Speech by Mrs Lim Hwee Hua, Minister in Prime Minister's Office, Second Minister for Finance and Transport at the National Volunteerism & Philanthrophy Awards21 Nov 2009
Mr Stanley Tan,
Chairman, National Volunteer & Philanthropy Centre;
Ladies and Gentlemen
1. I am delighted to be here in the excellent company of dedicated individuals who give unstintingly to the community and to celebrate the spirit of giving in Singapore.
2. Indeed we are here today to applaud and recognise individuals who have done exceptionally well in the practice of doing good and who are receiving the National Volunteerism and Philanthropy Awards. And this is all the more commendable, considering the overcast skies brought about by a financial meltdown.
Impact on society and those in need
3. Today, even as we are seeing brighter skies, some citizens continue to feel hard pressed and struggle to get by day to day. In particular, our lower skilled workers have to compete hard against workers in other developing nations.
Details of Government's response in the form of programs, funding etc
4. The Singapore government recognises the vulnerability of the low income families and has directed efforts at helping those severely affected by the crisis.
5. We have put in place schemes that will save as many jobs as possible. The Jobs Credit Scheme (JCS) lowers wage costs to employers and reduce the incidence of job losses. Enhancements have also been made to the Skills Programme for Upgrading and Resilience (SPUR) that has help companies train their employees during this downturn.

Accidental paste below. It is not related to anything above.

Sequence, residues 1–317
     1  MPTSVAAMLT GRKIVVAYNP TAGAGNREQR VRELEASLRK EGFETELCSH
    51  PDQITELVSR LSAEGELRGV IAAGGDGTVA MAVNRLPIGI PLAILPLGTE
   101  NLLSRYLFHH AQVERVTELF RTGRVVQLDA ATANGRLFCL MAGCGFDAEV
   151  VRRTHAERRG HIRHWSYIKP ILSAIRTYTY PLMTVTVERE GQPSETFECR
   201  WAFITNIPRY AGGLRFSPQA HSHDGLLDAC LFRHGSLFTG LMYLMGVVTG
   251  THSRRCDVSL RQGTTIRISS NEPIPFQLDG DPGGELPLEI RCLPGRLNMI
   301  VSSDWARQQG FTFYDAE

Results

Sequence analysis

6. There is also the Workfare Income Supplement special payment that provides incentives for older low wage workers to stay in work, while at the same time helping them save for their long-term needs. We have also provided targeted help for vulnerable groups and provide direct assistance for households in need.
7. MCYS has provided $240 million to help the needy, sharply higher than the $167 million spent in 2007.
Government cannot do it all
8. Yet the Government cannot do it all. Most of the support required is more emotional than financial. The family remains the best and most reliable safety net. Quite often however, a comprehensive social safety net with the active participation of voluntary welfare organisations, self-help groups, grassroots leaders and the wider community of people and private organisations are needed to plug gaps.
9. Government schemes tend not to be overly customised or they would be too administratively cumbersome to administer. Therefore, in challenging times like these, dexterous hands, strong hearts and creative minds are needed to help some families weather the storm.
Government should also not do it all
10. Furthermore, government should also not do it all. And neither should we just merely rely on professionals in the public and non-profit sectors to serve the disadvantaged in society. Instead, we need to build a giving society, where everyone is involved in the giving; where it is not every person for himself or herself, or the family. We want a society that is cohesive, where active compassion is exercised, and where we are one, despite our ethnic, religious, socio-economic differences. A society, where individuals are able to contribute meaningfully and make a difference would truly be a happy society.